Research fellow in Law (South Sudan Project), Max Planck Foundation, Heidelberg, Germany 

The Max Planck Foundation for International Peace and the Rule of Law is looking to fill one project-related Research Fellow position in the Sub-Saharan Africa projects team. The Research Fellow will implement project activities promoting the rule of law, including capacity building workshops and technical legal advice in the areas of international public law and constitutional law. Specific topical focus areas could include comparative constitutional law, legislative drafting, rules of procedure and judicial mechanisms. Applications close on 12 December 2021. See here for more information: 

Research Fellow, Law of the Sea, UNSW Law & Justice, Sydney 

UNSW Law and Justice is currently recruiting a research fellow. The Research Fellow will contribute towards the research project of SHARP Professor Natalie Klein of the UNSW Law & Justice Faculty (School of Public and Global Law). The research project will be focused on the law of the sea, maritime security, state responsibility and international dispute settlement. Applications close on 19 December 2021 at 11:30pm. See here for more information:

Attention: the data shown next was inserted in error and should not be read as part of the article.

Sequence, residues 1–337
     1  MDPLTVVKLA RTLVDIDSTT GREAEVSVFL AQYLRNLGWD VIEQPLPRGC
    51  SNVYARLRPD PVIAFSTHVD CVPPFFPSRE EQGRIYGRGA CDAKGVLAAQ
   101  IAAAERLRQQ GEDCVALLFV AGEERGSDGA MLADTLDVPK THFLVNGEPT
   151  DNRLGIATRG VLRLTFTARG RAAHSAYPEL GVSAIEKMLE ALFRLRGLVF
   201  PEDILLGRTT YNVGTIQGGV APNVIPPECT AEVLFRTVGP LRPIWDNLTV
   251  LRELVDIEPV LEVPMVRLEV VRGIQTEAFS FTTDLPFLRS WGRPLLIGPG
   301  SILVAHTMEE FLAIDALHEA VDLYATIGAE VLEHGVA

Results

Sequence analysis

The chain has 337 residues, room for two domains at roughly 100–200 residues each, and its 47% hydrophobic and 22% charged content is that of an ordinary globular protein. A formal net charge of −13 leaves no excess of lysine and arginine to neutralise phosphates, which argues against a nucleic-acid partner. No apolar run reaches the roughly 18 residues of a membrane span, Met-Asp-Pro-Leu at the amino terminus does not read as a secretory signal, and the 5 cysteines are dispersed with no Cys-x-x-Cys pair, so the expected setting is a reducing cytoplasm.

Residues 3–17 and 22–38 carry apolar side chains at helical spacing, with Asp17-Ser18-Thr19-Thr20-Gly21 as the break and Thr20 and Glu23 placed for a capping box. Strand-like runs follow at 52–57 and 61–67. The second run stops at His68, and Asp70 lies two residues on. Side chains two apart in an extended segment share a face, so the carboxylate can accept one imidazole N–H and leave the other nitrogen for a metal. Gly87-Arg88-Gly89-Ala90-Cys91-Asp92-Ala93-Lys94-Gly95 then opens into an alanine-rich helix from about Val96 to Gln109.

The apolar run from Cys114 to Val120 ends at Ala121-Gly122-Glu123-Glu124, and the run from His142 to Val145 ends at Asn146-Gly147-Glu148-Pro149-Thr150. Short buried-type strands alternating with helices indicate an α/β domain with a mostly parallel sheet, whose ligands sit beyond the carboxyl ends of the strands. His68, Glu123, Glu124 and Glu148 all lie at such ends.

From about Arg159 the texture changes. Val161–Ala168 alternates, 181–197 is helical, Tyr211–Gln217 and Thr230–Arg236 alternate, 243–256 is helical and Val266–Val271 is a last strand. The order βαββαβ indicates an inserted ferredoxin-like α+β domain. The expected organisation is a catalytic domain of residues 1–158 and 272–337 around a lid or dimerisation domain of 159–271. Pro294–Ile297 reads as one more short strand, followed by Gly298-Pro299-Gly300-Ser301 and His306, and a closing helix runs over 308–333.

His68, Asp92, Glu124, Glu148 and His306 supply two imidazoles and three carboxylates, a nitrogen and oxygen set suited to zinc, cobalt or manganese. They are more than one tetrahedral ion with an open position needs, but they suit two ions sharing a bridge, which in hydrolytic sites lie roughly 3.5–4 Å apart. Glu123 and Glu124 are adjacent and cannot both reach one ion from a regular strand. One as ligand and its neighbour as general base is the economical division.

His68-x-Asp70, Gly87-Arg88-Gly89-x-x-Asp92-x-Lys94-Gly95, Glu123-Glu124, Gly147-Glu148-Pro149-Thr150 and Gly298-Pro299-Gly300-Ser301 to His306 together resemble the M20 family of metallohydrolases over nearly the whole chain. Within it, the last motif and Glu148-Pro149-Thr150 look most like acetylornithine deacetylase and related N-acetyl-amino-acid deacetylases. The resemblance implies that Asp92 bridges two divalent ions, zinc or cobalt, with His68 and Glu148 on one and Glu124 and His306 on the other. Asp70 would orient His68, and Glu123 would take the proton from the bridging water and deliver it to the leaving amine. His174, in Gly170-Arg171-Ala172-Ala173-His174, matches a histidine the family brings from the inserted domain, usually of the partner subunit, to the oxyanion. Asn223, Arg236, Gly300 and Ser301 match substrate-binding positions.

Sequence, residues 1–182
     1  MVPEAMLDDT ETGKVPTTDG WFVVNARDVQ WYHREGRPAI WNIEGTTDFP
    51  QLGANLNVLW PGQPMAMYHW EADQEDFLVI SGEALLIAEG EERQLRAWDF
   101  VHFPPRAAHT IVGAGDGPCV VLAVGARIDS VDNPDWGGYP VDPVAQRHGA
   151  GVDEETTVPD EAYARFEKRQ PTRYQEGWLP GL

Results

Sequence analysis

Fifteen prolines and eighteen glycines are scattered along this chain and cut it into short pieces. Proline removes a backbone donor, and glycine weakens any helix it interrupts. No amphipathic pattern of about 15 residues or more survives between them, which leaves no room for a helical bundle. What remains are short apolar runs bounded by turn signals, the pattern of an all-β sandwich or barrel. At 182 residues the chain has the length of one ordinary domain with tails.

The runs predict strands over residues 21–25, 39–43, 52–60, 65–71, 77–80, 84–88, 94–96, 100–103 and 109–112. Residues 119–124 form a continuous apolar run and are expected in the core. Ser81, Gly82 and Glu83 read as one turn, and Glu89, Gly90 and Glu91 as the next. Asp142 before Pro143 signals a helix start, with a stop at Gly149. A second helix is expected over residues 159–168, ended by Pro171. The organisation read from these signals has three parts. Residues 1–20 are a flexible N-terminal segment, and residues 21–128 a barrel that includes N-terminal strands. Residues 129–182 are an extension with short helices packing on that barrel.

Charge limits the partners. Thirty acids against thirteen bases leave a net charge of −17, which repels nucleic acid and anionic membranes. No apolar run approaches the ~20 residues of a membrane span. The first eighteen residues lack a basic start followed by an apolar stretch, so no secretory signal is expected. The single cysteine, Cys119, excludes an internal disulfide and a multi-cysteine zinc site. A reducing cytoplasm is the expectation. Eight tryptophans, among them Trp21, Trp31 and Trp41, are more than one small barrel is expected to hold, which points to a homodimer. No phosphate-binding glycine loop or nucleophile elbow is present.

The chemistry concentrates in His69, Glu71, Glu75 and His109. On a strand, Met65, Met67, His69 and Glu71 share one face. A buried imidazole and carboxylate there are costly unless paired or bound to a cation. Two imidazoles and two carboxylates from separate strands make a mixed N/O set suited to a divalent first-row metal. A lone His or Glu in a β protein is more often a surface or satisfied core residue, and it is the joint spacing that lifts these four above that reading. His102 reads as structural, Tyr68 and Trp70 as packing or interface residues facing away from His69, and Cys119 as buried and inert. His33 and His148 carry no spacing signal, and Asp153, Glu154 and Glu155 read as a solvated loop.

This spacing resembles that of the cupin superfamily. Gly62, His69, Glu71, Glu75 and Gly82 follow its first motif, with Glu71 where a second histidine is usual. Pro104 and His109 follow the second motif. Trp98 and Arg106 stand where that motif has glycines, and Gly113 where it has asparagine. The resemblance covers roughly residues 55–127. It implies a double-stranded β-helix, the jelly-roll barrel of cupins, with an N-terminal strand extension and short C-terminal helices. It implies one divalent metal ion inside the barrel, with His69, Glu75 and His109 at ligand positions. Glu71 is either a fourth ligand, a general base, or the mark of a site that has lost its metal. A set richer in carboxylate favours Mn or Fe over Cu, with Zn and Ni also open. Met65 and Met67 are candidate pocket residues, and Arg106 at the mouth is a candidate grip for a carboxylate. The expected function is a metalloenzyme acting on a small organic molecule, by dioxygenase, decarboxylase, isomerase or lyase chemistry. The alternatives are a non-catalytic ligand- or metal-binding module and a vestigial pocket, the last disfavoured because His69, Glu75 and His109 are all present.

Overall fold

Head, Gender and Children Unit, International Criminal Court, The Hague 

Applications close on 19 December 2021. See here for more information:  

Senior Trial Lawyer, International Criminal Court, The Hague 

Applications close on 23 December 2021. See here for more information: